When it comes to recognizing budding basketball dynasties, hardly anyone is more qualified than Pat Riley.
Riley coached the Showtime-era Lakers to five NBA titles during the 1980s, then hoisted the Larry O’Brien Trophy three more times as coach and president of the Heat.
As a player, Riley was a member of the 1971-72 Lakers team that won 33 consecutive regular-season games before cruising to the NBA title.
That’s nine championship rings.
So when a guy who has witnessed that much basketball excellence says the Warriors are just starting their run of greatness, it’s worth a listen.
They are in the beginning of something that can be dynastic.
Heat president Pat Riley, on the 15-0 Warriors
“They are in the beginning of something that can be dynastic,” Riley told the Associated Press. “They’re in the beginning stages of it and that’s the scary part, vs. somebody that catches lightning in a bottle one time.
“They’re at the beginning because all of their key players, all of them, are young and they’re talented.”
It has been a long time – probably since Michael Jordan’s return to the Bulls – since the NBA produced an early-season story line as captivating as these Warriors, who Tuesday night have a chance to become the first team to start 16-0.
Because they’re playing the Lakers, chances are extremely good.
Last season, for the first time since both franchises relocated to California during the early 1960s, the Warriors won the Pacific Division in the same season that the Lakers finished last.
Now take a look at the current NBA standings. It’s happening again.
Since the Lakers’ last playoff appearance in 2012-13 (coincidentally the year the Warriors began their rise), they’ve gone 27-55 and 21-61.
This season’s 2-11 start portends even more putridity.
While the Warriors have a roster stacked with young and talented players, starting with 27-year-old MVP Stephen Curry, the Lakers are a repository of has-beens and cast-offs.
Guess into which category Kobe Bryant falls?
While the Warriors have a roster stacked with young and talented players, the Lakers are a repository of has-beens and cast-offs. Guess which into category Kobe Bryant falls?
There’s no joy derived in describing Bryant in those terms. In his heyday, Bryant was a magnificent player, arguably one of the 10 greatest in league history, and a five-time NBA champion.
Those days have long passed, and yet Bryant still gets the superstar treatment he no longer deserves.
It’s one thing to pay Bryant a salary cap-crippling $25 million for services rendered. Quite another for coach Byron Scott to allow someone who’s shooting 33.1 percent to hoist up lousy shot after lousy shot.
Even stranger, Scott doesn’t believe Bryant’s ball-hogging is a problem.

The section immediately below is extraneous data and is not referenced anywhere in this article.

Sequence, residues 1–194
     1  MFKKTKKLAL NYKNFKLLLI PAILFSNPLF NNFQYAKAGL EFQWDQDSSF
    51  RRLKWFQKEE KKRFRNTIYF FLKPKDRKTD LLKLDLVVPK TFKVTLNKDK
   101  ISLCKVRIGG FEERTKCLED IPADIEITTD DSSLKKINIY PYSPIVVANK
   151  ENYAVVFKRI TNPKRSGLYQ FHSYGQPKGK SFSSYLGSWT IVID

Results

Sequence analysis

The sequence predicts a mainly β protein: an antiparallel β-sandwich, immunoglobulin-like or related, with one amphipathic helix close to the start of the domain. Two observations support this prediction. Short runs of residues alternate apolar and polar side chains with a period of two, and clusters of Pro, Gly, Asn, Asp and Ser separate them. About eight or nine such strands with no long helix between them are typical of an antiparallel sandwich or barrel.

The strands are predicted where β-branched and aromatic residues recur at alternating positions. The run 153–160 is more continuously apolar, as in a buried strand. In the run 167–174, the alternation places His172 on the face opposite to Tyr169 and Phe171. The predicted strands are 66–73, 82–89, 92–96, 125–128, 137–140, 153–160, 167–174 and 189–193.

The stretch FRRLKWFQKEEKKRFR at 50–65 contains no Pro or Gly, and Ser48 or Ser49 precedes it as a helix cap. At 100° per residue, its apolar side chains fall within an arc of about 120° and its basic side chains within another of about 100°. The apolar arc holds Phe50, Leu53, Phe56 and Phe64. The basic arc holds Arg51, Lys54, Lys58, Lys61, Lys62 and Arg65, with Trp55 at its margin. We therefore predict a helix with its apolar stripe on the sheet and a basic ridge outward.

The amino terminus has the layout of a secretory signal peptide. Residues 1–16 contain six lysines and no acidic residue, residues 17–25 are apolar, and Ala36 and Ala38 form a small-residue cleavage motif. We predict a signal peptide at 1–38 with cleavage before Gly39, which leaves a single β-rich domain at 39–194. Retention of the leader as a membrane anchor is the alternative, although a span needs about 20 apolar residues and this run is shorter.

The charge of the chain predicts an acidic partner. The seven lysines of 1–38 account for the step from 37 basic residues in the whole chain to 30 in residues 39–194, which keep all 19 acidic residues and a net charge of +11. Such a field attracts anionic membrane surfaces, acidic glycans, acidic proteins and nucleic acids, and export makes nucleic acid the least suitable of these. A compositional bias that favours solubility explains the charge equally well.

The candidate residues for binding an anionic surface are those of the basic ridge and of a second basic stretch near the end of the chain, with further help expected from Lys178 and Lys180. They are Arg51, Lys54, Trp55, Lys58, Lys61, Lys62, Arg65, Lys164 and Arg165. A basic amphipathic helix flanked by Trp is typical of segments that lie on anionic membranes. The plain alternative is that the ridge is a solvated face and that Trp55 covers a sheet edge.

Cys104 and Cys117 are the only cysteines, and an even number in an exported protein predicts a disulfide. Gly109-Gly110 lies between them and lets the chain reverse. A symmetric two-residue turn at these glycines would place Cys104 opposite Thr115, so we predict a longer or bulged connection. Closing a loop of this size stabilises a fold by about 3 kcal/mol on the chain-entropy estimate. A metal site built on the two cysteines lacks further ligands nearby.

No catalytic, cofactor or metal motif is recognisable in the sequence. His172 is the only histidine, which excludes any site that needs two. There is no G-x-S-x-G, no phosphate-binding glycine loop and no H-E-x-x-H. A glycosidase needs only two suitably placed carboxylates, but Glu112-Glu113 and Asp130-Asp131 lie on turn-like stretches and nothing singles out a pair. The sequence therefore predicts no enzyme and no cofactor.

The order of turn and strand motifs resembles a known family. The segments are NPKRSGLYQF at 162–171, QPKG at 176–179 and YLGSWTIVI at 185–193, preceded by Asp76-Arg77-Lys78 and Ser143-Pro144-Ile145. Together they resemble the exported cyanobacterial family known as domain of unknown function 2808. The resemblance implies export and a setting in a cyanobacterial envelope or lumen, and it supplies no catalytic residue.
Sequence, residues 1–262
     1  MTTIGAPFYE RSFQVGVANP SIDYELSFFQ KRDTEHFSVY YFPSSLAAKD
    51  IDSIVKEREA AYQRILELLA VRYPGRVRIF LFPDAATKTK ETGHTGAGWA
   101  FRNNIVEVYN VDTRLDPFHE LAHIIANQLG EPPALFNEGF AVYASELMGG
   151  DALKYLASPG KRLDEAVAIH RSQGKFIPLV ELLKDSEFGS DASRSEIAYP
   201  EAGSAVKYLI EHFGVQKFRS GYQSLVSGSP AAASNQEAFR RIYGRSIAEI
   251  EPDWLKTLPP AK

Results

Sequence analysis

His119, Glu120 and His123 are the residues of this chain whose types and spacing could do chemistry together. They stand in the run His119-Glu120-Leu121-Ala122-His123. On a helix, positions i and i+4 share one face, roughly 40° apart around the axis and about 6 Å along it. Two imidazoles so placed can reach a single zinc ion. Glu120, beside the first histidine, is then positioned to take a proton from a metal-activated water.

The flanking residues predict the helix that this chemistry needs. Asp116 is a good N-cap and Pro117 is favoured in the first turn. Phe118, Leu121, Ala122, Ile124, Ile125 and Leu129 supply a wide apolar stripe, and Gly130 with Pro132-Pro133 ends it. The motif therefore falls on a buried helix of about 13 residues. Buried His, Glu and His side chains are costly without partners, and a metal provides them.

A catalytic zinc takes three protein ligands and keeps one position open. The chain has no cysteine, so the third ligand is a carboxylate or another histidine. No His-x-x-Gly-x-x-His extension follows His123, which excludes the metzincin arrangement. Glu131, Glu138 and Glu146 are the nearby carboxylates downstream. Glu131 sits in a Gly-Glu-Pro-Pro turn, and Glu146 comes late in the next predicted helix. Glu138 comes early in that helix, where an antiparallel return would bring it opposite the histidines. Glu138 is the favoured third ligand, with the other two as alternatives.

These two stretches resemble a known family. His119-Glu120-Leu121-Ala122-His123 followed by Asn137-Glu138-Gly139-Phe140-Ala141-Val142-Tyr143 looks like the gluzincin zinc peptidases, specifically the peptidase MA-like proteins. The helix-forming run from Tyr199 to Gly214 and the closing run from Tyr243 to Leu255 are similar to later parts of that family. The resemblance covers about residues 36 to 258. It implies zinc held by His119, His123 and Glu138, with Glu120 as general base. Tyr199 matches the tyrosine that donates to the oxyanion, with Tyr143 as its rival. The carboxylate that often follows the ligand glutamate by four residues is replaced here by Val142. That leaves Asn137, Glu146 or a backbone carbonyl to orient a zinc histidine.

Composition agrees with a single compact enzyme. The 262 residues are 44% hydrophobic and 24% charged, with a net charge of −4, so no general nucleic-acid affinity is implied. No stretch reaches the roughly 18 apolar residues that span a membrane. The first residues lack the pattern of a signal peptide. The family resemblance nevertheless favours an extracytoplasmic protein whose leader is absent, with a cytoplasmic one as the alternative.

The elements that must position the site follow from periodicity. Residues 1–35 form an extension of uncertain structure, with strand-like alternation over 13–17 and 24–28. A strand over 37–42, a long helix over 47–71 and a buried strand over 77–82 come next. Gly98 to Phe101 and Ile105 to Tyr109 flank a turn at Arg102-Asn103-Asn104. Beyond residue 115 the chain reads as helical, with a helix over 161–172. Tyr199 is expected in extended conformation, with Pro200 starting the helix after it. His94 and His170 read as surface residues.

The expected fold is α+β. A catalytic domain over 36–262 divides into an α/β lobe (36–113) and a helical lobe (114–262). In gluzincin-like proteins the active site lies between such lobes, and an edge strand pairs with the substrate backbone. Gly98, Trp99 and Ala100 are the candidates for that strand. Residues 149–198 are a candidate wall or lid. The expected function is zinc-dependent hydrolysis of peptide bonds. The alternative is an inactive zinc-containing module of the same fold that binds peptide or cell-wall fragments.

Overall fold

“He’s had 20 years of experience in this league,” Scott told reporters Monday. “We might not have six players that have 20 years in this league combined. He has that privilege basically. From a coaching standpoint, I want Kobe to be Kobe.”
Scott is essentially saying Bryant has earned the right to take all the bad shots he wants, and I’m not sure an NBA coach has uttered a dumber statement.
Besides being anathema to team basketball (the kind of basketball the Warriors are playing), the 2015 Kobe has way too many miles on the odometer and too lengthy an injury history to be driven this hard.
Yet who leads the Lakers in minutes? Bryant at 31.1 per game. Who leads them in shot attempts? You guessed it.
He has that privilege basically.
Lakers coach Byron Scott, on Kobe Bryant taking bad shots
Bryant’s stat line from Sunday’s 107-93 drubbing by the Trail Blazers was typical: 18 points on 6-of-22 shooting. He went 0 for 5 from three-point range and is now shooting 20 percent (14 of 70) from beyond the arc.
“I’m just trying to help the young guys, honestly,” Bryant said following a recent loss, evidently with a straight face.
Bryant probably won’t be the Lakers’ problem after this season. The onerous contract is up, and he’s hinted at retirement.
Then they’ll have to face the consequences of drafting D’Angelo Russell with the No. 2 overall pick.
I’m not calling Russell a bust. It’s way, way too soon for that. But despite better results in recent games, the rookie from Ohio State has struggled while a couple of players drafted after him have flourished.
Jahlil Okafor, taken with the No. 3 pick, is averaging nearly 18 points and eight rebounds for a 76ers squad that’s even worse than the Lakers. And No. 4 pick Kristaps Porzingis, averaging 13 points and nearly nine rebounds for the Knicks, has become the toast of New York.
There were multiple reports the Lakers worked out the freakishly skilled 7-foot-3, 240-pound Kristaps Porzingis at the team’s facility before the draft. What on earth couldn’t they see?
There were multiple reports the Lakers worked out the freakishly skilled 7-foot-3, 240-pound Porzingis at the team’s facility before the draft.
What on earth couldn’t they see?
If the Lakers were set on drafting a point guard to team with an aging Bryant (and if they were, how stupid is that?), even Emmanuel Mudiay (No. 7 by the Nuggets) has outperformed Russell.
It’s a decision that could end up haunting the Lakers for a decade.
Meanwhile, right up the coast sits a Warriors team just beginning its championship run. A team whose best player celebrates the contributions of the 12th man. Whose front office always seems to draft the right guy.
Which has to make Lakers fans purple with envy.